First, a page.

69. For the reasons given above, the appellant's Article 3 claim falls far below the threshold in AM (Zimbabwe).
70. Further and in any event, it is important to note that there is no medical evidence at all that, if the appellant is not in receipt of adequate medication and/or any care package that he may be receiving at present and/or if he is not regularly monitored for his kidney, blood pressure and risk of clotting and/or that if he does not receive adequate treatment for urinary tract and bladder infections, if he needs it, he faces a real risk, on account of the absence of such appropriate care/treatment in Nigeria or the lack of access to such care/treatment, of being exposed to (i) a serious, rapid and irreversible decline in his state of health resulting in intense suffering, or (ii) a significant, meaning substantial, reduction in life expectancy. In effect, I am being asked to draw this inference from the very limited evidence before me. I am not prepared to do so. This alone is determinative and makes his Article 3 claim based on his medical condition wholly untenable, leaving aside everything I have said above.
71. The lack of an up-to-date medical report is telling. I have no doubt that, if the appellant's current physical and/or mental health condition is sufficiently serious such that his removal to Nigeria would expose him to a real risk of a serious decline in his health resulting in suffering, such a medical report could easily have been obtained from one of the medical professionals engaged in his case and submitted to the Tribunal. There is no such evidence. This notwithstanding that the hearing before me was a resumed hearing when the appellant had a second opportunity to produce the evidence.
72. I dismiss the appellant’s Article 3 claim based on his medical condition.
The appellant's Article 8 claim
73. Although the “Support Plan and Review” is fifteen months old, I accept that there is dependency going beyond normal emotional ties between the appellant and his mother, given his medical condition on his arrival in the United Kingdom with entry clearance to obtain medical treatment, his previous need, for example, for dialysis and a kidney transplant and, following his kidney transplant, his continued need for some care which his mother provides. I accept that family life is being enjoyed between them.
74. Given the period of the appellant's residence in the United Kingdom, I accept that he has also established private life in the United Kingdom, although there is no evidence before me of the quality of his private life or its content. To the contrary, the evidence is that he has not been able to establish private life outside of his home since he discontinued his studies in the United Kingdom. As the letter from Royal Free London dated 25 March 2022 states (AB3/3) he has not really been out of his house for the last two years other than for hospital attendances. On the whole of the evidence before me, I find that he has established private life but it is not extensive. To the contrary, it is limited in its scope, nature and depth.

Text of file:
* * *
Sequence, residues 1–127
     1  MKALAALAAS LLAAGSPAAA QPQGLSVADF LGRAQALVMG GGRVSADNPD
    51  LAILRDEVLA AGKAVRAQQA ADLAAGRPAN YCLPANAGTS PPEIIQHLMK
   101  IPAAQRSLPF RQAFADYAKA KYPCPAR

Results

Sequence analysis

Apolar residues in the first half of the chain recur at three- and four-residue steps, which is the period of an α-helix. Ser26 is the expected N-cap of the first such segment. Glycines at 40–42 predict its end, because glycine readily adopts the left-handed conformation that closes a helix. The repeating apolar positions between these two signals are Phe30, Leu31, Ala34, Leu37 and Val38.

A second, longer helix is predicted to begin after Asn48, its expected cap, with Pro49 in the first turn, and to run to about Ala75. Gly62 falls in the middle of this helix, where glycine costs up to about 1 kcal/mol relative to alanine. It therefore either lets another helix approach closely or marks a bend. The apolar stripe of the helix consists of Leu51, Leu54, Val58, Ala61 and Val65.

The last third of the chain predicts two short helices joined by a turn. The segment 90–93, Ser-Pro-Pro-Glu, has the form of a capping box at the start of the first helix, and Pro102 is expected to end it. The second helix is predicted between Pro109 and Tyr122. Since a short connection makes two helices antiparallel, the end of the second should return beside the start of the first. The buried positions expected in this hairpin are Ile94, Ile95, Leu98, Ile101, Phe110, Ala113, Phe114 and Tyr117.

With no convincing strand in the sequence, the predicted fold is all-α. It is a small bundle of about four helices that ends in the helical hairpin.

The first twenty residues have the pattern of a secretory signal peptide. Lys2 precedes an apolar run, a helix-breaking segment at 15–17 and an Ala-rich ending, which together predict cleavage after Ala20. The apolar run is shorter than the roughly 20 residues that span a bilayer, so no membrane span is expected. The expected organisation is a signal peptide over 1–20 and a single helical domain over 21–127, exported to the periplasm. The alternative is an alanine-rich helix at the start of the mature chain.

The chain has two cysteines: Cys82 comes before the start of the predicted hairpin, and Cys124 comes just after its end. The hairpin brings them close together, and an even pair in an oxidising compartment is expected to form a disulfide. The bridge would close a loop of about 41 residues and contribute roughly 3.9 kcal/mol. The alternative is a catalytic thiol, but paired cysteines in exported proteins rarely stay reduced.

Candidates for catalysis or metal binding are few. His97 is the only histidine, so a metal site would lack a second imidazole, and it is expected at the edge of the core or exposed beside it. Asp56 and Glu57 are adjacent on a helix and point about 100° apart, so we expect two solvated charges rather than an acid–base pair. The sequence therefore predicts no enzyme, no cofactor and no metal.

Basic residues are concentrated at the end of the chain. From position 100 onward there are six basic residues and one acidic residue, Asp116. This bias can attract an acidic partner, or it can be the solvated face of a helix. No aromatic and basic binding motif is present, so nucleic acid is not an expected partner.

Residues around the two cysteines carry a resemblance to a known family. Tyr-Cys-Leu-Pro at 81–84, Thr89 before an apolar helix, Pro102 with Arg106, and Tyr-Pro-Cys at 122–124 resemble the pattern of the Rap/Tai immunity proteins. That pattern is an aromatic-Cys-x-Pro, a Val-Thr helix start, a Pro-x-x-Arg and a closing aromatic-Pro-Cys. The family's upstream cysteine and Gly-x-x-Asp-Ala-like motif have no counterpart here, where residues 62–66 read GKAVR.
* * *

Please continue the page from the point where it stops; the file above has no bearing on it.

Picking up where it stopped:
75. The level of interference required in order to satisfy the second of the five-step approach explained in Razgar is not a high one. I am satisfied that the respondent's decision would interfere with the appellant’s private life. Likewise, it is not disputed that the respondent's decision is in accordance with the law and that it pursues the legitimate aim of maintaining immigration control.
76. In the assessment of proportionality, the first step is to consider whether the appellant satisfies any applicable provision for the grant of leave to remain. In this regard, he relies upon para 276ADE(1)(vi) of the Immigration Rules, i.e. that there would be very significant obstacles to his reintegration in Nigeria.
77. Para 276ADE(1) provides, insofar as relevant, as follows:
276ADE (1). The requirements to be met by an applicant for leave to remain on the grounds of private life in the UK are that at the date of application, the applicant:
(i) does not fall for refusal under any of the grounds in Section S-LTR 1.2 to S-LTR 2.3. and S-LTR.3.1. in Appendix FM; and
(vi) subject to sub-paragraph (2), is aged 18 years or above, has lived continuously in the UK for less than 20 years (discounting any period of imprisonment) but there would be very significant obstacles to the applicant’s integration into the country to which he would have to go if required to leave the UK
78. If the appellant satisfies the requirements of para 276ADE(1), the decision would be disproportionate for that reason alone without the need to consider any other matters, such as for example, any public interest considerations under s.117B of the NIAA 2002.
79. In SSHD v Kamara  EWCA Civ 813, the Court of Appeal explained, at para 14:
“… The idea of “integration” calls for a broad evaluative judgment to be made as to whether the individual will be enough of an insider in terms of understanding how life in the society in that other country is carried on and a capacity to participate in it, so as to have a reasonable opportunity to be accepted there, to be able to operate on a day-to-day basis in that society and to build up within a reasonable time a variety of human relationships to give substance to the individual’s private or family life.”
80. I find that there are no very significant obstacles to the appellant's reintegration in Nigeria, for the following reasons:
(i) I note that the appellant spends his time mostly in at home and in bed. That is the content of his private life at present. He gave oral evidence that he communicates with friends online. This can continue to be the case if he returns to Nigeria. Accordingly, the private life that he currently enjoys in the United Kingdom can be easily replicated in Nigeria in all its material respects.